The episode, which discomfited even some of Trump’s most loyal advisers, was read by some legal observers as one of the clearest cases laid out in Mueller’s report of potential obstruction of justice by the president. In unequivocal terms, the report states that there was “substantial evidence” that Trump hoped his actions would derail Mueller’s investigation and prevent further scrutiny of his campaign and his own conduct.
But senior Justice Department officials took a more skeptical view, which informed Attorney General William P. Barr’s later conclusion that Trump could not be charged with obstructing justice, according to people familiar with the thinking.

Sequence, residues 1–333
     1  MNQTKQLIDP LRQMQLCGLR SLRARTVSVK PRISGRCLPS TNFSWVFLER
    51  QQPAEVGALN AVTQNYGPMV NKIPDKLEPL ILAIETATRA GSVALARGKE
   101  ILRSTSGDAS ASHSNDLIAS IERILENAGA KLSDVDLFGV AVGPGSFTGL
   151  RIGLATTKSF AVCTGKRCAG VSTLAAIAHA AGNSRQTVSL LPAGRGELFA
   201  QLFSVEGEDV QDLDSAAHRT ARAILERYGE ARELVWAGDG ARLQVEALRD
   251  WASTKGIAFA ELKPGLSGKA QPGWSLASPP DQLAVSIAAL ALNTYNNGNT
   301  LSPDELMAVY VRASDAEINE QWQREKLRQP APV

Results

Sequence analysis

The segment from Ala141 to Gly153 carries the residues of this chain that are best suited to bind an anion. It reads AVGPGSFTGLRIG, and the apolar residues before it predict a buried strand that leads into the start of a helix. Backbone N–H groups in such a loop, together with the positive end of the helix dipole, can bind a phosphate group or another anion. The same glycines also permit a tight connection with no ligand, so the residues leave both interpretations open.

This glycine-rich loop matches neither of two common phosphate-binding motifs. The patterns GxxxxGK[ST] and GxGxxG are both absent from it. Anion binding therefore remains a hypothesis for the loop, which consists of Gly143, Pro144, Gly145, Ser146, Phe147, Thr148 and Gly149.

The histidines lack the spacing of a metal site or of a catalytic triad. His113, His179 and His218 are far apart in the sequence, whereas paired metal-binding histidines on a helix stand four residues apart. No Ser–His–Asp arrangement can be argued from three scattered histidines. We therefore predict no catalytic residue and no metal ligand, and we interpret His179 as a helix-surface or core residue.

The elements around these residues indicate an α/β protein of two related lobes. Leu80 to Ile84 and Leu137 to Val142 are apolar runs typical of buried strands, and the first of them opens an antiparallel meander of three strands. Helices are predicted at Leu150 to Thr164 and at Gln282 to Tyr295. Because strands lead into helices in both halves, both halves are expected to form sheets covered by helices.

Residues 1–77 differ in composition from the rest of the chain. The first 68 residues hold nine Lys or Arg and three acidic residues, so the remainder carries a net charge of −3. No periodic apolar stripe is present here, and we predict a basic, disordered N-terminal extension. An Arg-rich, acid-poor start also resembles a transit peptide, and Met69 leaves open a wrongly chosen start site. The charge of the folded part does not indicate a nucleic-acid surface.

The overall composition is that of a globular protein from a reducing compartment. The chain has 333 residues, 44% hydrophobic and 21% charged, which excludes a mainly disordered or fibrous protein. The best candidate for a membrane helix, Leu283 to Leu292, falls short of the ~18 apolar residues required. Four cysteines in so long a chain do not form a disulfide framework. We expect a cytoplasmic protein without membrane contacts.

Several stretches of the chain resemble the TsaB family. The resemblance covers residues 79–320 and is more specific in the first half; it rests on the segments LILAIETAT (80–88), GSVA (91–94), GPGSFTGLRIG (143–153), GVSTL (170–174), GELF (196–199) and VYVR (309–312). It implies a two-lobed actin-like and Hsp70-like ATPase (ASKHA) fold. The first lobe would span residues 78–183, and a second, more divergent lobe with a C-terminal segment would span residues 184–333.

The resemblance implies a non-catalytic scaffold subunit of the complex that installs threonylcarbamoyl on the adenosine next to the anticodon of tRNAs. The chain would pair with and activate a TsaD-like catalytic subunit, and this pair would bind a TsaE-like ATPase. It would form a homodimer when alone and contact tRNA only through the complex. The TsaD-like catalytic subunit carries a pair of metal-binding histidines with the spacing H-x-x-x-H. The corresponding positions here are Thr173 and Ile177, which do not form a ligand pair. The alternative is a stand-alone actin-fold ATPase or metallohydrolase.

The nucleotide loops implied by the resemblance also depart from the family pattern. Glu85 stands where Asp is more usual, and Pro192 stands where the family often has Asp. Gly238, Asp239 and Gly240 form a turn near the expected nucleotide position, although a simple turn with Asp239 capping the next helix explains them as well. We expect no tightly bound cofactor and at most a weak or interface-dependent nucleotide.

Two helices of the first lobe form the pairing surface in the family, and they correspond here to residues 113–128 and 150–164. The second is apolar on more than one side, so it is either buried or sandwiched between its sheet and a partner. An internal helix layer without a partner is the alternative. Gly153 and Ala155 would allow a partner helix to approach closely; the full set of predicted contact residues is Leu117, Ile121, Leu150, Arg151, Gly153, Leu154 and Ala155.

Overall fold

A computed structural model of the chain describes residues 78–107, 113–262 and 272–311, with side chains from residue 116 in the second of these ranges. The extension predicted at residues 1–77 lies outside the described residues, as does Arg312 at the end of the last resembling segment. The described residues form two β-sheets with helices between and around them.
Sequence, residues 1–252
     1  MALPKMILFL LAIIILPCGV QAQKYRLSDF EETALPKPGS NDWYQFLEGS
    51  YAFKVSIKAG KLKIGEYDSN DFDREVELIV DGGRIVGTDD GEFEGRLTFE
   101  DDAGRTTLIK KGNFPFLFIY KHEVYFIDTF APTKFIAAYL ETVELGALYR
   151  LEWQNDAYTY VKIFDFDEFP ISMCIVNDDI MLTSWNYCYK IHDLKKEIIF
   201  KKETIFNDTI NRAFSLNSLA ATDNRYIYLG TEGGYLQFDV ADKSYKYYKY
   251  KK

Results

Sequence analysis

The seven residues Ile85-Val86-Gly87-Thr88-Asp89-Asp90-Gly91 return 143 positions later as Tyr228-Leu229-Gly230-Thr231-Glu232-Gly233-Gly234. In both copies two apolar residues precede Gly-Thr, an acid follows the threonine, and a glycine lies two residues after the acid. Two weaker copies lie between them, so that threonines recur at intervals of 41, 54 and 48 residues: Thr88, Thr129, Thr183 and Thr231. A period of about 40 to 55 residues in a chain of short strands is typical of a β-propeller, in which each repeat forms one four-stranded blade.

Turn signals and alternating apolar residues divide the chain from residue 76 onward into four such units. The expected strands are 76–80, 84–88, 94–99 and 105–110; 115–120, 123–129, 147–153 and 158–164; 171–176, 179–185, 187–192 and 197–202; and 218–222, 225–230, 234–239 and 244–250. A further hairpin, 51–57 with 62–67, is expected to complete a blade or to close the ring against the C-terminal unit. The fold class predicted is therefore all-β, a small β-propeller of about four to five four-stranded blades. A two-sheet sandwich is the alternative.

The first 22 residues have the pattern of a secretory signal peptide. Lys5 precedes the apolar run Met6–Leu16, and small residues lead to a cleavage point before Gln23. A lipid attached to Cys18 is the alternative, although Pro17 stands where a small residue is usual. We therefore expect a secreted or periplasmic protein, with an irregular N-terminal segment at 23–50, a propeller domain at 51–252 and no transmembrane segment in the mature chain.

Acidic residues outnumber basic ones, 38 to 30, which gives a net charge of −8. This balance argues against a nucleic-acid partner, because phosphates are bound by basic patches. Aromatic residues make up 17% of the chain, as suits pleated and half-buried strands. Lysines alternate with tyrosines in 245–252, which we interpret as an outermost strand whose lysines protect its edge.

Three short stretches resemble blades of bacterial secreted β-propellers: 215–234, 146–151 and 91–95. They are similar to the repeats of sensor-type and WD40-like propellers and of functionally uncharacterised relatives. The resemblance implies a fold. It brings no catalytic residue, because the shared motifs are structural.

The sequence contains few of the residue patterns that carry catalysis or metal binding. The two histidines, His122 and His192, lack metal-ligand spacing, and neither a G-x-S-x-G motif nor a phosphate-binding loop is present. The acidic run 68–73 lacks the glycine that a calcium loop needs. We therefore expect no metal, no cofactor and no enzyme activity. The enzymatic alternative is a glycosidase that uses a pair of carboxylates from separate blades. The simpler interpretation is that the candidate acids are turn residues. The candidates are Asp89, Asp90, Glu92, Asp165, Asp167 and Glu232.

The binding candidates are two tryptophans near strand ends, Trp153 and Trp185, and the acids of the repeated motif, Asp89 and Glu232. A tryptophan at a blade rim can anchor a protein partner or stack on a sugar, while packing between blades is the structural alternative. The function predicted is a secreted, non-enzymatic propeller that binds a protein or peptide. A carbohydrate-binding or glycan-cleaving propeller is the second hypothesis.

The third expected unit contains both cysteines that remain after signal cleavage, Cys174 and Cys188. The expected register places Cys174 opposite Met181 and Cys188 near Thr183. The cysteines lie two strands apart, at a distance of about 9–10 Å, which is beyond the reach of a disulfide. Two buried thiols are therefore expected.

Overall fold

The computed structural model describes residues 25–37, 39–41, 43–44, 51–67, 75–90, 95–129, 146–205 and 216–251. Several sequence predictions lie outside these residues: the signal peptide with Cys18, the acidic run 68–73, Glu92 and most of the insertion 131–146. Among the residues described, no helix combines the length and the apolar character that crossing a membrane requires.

The differing interpretations might help explain how Barr ultimately came to his decision, despite the detailed evidence in Mueller’s report.
“All the attorney general was deciding was whether this was a prosecutable offense, and we don’t bring criminal charges at the department unless we believe we can prove them beyond a reasonable doubt to a jury,” a senior Justice Department official said, speaking on the condition of anonymity because of the sensitivity of the matter. The White House declined to comment.